When operators are put together without parenthesis, the order in which they are applied is determined by the precedence of the operators. Multiplication `(*)` and division `(/)` has higher precedence than addition `(+)` and subtraction `(-)`.

``````// multiplication is done first, which is then followed by addition
let x = 100 + 50 * 3; // 250
// with parenthesis operations inside the parenthesis are computed first
let y = (100 + 50) * 3; // 450
// operations with the same precedences are computed from left to right
let z = 100 / 50 * 3;
``````

Several advanced math operators can use be used while writing program. Here is a list of some of the main advanced math operators:

• Modulo operator (`%`): The modulo operator returns the remainder of a division operation. For example:
``````console.log(10 % 3); // 1
console.log(11 % 3); // 2
console.log(12 % 3); // 0
``````
• Exponentiation operator (* *): The exponentiation operator raises a number to the power of another number. It is a newer operator and is not supported in all browsers, so you may need to use the `Math.pow` function instead. For example:
``````console.log(2 ** 3); // 8
console.log(3 ** 2); // 9
console.log(4 ** 3); // 64
``````
• Increment operator (`++`): The increment operator increments a number by one. It can be used as a prefix (before the operand) or a postfix (after the operand). For example:
``````let x = 1;
x++; // x is now 2
++x; // x is now 3
``````
• Decrement operator (`--`): The decrement operator decrements a number by one. It can be used as a prefix (before the operand) or a postfix (after the operand). For example:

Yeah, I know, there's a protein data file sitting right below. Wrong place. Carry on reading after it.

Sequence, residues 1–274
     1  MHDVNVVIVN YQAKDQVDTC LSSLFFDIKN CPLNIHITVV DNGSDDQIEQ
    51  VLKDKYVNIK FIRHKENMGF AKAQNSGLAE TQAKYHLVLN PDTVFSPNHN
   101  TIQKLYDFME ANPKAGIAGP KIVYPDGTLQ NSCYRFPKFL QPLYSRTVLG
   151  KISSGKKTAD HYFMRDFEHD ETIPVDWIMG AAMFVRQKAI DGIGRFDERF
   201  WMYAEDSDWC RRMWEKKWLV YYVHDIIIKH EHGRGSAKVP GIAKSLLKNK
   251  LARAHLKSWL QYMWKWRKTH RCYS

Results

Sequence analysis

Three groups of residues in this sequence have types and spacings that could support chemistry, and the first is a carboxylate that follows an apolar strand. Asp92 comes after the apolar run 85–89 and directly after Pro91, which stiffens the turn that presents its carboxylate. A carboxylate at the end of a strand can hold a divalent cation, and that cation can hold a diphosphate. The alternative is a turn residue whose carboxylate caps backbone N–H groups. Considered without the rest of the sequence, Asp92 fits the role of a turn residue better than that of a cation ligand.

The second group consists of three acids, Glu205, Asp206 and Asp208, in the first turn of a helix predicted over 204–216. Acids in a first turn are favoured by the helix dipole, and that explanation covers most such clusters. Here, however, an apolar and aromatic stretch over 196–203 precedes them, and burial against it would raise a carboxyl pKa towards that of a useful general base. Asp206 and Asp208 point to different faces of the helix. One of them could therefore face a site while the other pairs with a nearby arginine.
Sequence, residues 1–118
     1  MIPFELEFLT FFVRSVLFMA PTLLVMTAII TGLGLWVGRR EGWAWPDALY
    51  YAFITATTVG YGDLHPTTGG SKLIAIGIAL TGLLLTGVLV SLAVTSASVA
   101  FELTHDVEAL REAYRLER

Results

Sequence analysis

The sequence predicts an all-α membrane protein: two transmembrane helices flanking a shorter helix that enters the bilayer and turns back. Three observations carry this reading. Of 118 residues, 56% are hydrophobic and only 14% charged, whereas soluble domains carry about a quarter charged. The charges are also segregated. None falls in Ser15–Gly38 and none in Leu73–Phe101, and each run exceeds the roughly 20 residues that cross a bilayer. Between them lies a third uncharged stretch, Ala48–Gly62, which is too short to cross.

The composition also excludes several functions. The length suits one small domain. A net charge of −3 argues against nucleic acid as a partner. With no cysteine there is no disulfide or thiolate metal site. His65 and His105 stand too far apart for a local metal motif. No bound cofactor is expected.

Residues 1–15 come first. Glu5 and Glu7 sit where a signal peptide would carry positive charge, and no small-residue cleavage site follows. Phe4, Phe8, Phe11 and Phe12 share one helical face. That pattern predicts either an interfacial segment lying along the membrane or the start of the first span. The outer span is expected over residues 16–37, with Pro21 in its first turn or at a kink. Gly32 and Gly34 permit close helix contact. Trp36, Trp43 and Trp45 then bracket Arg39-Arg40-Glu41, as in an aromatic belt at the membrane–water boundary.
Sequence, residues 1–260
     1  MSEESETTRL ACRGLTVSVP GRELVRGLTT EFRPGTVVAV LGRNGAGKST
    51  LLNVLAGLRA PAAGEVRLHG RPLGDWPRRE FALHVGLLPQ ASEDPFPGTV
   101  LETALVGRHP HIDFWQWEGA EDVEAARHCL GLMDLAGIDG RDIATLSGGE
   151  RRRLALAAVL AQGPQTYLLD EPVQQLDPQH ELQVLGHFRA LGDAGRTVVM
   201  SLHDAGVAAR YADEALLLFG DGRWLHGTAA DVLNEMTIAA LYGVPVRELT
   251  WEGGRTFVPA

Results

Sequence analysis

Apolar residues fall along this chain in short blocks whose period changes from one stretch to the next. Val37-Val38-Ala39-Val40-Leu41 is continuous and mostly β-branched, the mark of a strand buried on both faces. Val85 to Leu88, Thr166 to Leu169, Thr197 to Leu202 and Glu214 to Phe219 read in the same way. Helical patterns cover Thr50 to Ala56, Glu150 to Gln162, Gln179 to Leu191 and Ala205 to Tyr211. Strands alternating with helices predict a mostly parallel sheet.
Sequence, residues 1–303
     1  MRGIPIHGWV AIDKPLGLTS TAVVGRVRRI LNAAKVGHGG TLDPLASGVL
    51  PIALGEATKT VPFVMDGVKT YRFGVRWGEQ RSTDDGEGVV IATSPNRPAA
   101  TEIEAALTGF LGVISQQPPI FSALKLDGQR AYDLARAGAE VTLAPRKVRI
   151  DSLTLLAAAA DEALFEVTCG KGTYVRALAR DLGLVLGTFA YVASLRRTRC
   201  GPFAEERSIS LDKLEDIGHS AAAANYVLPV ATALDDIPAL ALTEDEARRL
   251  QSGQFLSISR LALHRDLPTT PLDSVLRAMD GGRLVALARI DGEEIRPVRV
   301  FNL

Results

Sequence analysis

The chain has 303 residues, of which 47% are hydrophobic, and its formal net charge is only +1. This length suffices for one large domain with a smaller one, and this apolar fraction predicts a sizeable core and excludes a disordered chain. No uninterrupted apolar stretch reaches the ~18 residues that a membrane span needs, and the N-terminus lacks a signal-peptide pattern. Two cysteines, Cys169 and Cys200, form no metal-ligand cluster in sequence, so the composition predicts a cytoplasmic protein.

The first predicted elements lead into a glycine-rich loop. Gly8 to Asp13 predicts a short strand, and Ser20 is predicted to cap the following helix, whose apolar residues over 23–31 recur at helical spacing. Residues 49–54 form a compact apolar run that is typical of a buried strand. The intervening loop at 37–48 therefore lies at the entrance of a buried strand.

``````let y = 3;
y--; // y is now 2
--y; // y is now 1
``````
• Math object: The `Math` object is a built-in object in JavaScript that provides mathematical functions and constants. You can use the methods of the `Math` object to perform advanced math operations, such as finding the square root of a number, calculating the sine of a number, or generating a random number. For example:
``````console.log(Math.sqrt(9)); // 3
console.log(Math.sin(0)); // 0
console.log(Math.random()); // a random number between 0 and 1
``````

These are just a few examples of the advanced math operators and functions available in JavaScript. There are many more that you can use to perform advanced math operations while writing program.

Exercise
Correct!
False!
Use the following advanced operators to perform operations on `num1` and `num2`.

## Nullish coalescing operator '??'

The `nullish` coalescing operator returns the first argument if it's not `null/undefined`, else the second one. It is written as two question marks `??`. The result of `x ?? y` is:

• if `x` is defined, then `x`,
• if `y` isn’t defined, then `y`.

It's a recent addition to the language and might need polyfills to support old browsers